In 1998, David Carrett, officer of the U.S. Navy, was indicted by a Milanese magistrate, Guido Salvini, on charge of political and military espionage and his participation in the 1969 Piazza Fontana bombing, among other events. Judge Guido Salvini also opened a case against Sergio Minetto, Italian official for the US-NATO intelligence network, and pentito Carlo Digilio. La Repubblica underlined that Carlo Rocchi, the CIA's man in Milan, was surprised in 1995 searching for information concerning Operation Gladio, thus demonstrating that all was not over.
A June 20, 2001 conviction of Italian Neo-fascists Doctor Carlo Maria Maggi, Delfo Zorzi and Giancarlo Rognoni was overturned in March 2004. Carlo Digilio, a suspected CIA informant, received immunity from prosecution by becoming a witness for the state (in agreement with the pentiti laws).
According to Ordine Nuovo member Vincenzo Vinciguerra: "The December 1969 explosion was supposed to be the detonator which would have convinced the political and military authorities to declare a state of emergency."August 4, 1974, 12 died and 105 were injured in the bombing of the train Italicus Roma-Brennero express at San Benedetto Val di Sambro.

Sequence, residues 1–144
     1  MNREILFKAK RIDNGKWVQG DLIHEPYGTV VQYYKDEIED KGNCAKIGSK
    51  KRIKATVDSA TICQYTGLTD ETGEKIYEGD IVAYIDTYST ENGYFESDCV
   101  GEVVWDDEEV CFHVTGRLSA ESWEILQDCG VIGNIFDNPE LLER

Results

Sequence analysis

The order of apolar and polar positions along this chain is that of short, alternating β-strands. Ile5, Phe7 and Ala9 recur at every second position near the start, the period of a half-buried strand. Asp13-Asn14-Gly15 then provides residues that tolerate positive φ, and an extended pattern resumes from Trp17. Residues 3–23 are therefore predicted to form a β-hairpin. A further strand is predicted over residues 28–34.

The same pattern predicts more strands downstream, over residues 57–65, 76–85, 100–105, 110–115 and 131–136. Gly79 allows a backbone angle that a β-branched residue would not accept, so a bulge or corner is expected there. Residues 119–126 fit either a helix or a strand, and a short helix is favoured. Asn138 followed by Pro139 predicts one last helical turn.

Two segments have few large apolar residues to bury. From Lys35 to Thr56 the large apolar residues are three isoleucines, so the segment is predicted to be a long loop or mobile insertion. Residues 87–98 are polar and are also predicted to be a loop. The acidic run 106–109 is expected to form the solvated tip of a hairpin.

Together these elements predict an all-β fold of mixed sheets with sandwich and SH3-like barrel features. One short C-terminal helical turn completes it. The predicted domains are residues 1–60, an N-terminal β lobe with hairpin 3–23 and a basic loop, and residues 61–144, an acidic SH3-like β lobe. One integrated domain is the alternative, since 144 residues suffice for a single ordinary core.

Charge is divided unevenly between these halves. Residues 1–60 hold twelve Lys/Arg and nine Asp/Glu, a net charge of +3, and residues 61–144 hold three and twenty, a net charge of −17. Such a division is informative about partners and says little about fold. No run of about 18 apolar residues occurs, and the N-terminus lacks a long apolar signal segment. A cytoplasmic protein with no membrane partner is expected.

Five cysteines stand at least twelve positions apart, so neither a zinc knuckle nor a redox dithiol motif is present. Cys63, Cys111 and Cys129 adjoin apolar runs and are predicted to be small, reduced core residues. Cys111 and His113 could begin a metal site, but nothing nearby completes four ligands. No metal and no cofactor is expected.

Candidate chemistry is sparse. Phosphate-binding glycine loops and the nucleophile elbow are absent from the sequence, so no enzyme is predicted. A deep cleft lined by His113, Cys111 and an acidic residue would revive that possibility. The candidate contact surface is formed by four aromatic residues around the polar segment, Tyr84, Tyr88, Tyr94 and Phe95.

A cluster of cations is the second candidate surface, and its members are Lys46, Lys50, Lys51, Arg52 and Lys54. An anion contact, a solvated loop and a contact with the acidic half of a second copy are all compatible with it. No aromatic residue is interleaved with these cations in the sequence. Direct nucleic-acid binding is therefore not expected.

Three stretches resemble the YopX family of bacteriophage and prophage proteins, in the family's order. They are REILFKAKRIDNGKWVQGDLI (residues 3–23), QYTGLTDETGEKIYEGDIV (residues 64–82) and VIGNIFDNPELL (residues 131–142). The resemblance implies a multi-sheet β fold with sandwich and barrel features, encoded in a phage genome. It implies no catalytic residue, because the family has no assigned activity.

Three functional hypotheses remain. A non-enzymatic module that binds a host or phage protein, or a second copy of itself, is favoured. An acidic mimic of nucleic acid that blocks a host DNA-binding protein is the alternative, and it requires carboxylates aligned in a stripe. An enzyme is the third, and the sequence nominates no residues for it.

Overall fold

Bologna railway bombing killed 85 persons and injured 200. A long, troubled and controversial court case and political issue ensued. The relatives of the victims formed an association (Associazione tra i famigliari delle vittime della strage alla stazione di Bologna del 2 agosto 1980) to raise and maintain civil awareness on the Bologna massacre. On 23 November 1995 the Italian Supreme Court (Corte di Cassazione) issued the final sentence:
As recently as July 2008, two Turkish ex-generals were arrested for allegedly planning to spark mass demonstrations and violent clashes against the government. This, in turn, would justify a military takeover of Recep Tayyip Erdoğan's Islamic government.